Rachels compares two scenarios in which a child drowns in a bathtub. In both cases an older cousin is involved in the drowning, both with the same motive to inherit a large sum of money if the child dies, but performing different acts. In the first, the older cousin (Smith), actively drowns the child. In the second, the older cousin (Jones), intends to drown the child, but upon entering the bathroom, sees the child accidentally fall into the tub hitting his head and passively watches while the child drowns. In the first case, Smith actively drowns the child. In the second case, Jones passively watches him die. The result is the same. Though in both scenarios the older cousin is culpable, the mere difference between active and passive involvement is morally irrelevant according to Rachels, since the motivation and the result is the same. Therefore, he says, the AMA is inconsistent in its policy concerning the withholding of end-of-life treatment. They should allow active as well as passive euthanasia. Another euthanasia proponent, Patrick Hopkins, asserts that removal of a machine is not a passive act. He says human organs are very much like machines. In fact, some organs can be replaced or assisted by machines internally. Turning off or removing a machine attached on the outside is no different than turning off or removing a machine on the inside, e.g., blowing out the computer chip in a person’s pacemaker. The case can only be made if one makes a moral distinction between machines and bodies. Therefore, he concludes, if removal of a machine is not a passive act, but rather is active, then it is not morally distinct from other active means of ending a life. Similarly, Michael Tooley argues in favor of no moral distinction from the moral symmetry principle when he writes, “…it is as wrong intentionally to refrain from interfering with a causal process leading to some morally significant result as it is to initiate the process. It does not assert that it is wrong to refrain from preventing someone else from initiating a causal process as it is to initiate it oneself.” This principle implies that, all things being equal, it is just as wrong to intentionally refrain from administering an antidote to someone who is dying of poisoning as it is to administer the poison, provided the same motive is operative in both cases. Thus it follows that the distinction between killing and intentionally letting die is not morally significant. In sum, proponents of euthanasia contend that a patient’s request for a fatal medication is analogous to a patient’s refusal of life-sustaining medication.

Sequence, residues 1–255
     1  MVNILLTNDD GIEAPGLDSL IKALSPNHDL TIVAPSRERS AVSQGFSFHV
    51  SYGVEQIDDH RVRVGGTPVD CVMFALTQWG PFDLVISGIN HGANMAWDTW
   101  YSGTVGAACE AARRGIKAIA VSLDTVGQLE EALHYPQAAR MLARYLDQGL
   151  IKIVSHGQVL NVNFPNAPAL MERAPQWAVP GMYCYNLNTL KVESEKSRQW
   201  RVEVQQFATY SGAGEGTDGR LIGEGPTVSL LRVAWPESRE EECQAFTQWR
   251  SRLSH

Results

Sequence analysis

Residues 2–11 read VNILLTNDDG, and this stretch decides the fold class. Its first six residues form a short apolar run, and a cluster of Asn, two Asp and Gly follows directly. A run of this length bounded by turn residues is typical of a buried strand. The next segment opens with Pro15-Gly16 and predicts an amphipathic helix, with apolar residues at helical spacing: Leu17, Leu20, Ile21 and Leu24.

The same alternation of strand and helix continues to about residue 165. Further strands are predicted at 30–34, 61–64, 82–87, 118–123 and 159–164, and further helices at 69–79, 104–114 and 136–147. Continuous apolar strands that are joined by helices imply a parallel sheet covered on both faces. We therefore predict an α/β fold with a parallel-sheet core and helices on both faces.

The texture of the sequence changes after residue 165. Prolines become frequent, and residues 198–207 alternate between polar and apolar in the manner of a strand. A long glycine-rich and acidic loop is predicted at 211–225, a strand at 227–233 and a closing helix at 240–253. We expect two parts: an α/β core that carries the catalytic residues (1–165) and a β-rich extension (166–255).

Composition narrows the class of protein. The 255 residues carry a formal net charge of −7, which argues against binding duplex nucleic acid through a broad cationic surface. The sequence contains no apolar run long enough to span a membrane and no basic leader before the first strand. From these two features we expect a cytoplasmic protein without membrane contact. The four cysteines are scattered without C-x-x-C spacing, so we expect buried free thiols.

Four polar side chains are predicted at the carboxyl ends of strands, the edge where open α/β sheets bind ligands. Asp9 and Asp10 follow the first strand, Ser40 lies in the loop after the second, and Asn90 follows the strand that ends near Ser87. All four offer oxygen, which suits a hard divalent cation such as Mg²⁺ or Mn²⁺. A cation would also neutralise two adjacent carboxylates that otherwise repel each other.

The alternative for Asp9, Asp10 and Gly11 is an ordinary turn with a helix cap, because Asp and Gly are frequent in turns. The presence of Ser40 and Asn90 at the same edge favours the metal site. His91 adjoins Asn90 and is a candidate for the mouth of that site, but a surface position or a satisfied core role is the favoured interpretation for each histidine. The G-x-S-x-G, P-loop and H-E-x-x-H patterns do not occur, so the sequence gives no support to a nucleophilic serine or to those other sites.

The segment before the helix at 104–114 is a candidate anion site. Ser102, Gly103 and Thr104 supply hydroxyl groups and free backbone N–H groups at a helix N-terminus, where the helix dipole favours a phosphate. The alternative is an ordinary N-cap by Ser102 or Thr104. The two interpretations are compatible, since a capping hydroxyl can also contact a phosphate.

These arguments fail in several ways. First, euthanasia is not a truly autonomous act. It always involves another person left behind to cope with the responsibility, guilt, morality and remorse. Second, building into medical practice an explicit exception licensing physicians to kill their patients to relieve severe pain is not necessary. The physician may be able to relieve pain short of killing. Much progress has been made in recent years in pain management. We should not build a social or professional ethic on borderline situations and extreme cases. There are ways to “accept” acts of killing in exceptional circumstances without altering the rules of practice, e.g., guilty by reason of temporary insanity. Third, much of their argument is based strictly on “rights” language which is about the extent to which the principle of autonomy may be exercised. It sees moral problems only in terms of competing interests, e.g., “my rights” vs. “your rights.” Virtue ethics, on the other hand, asks questions about the effect of our moral choices on our character: who are we going to become if we follow this path of action? Fourth, Rachels seems to make no distinction between intentions. He focuses only on acts. To him, if the acts are the same, the morality is the same because the outcome is the same. This is wrong. If two persons perform the same act, one intending to kill and the other not intending to kill, there is a moral difference according to Scripture. Those who committed unintentional killings in Old Testament Judaism were protected from acts of vengeance in cities of refuge, while those who committed murder were put to death. Fifth, the intent in euthanasia is to cause the patient’s death. By contrast, most patients who desire to discontinue treatment do not want to die, but to live out their remaining time without dependence on medical technology.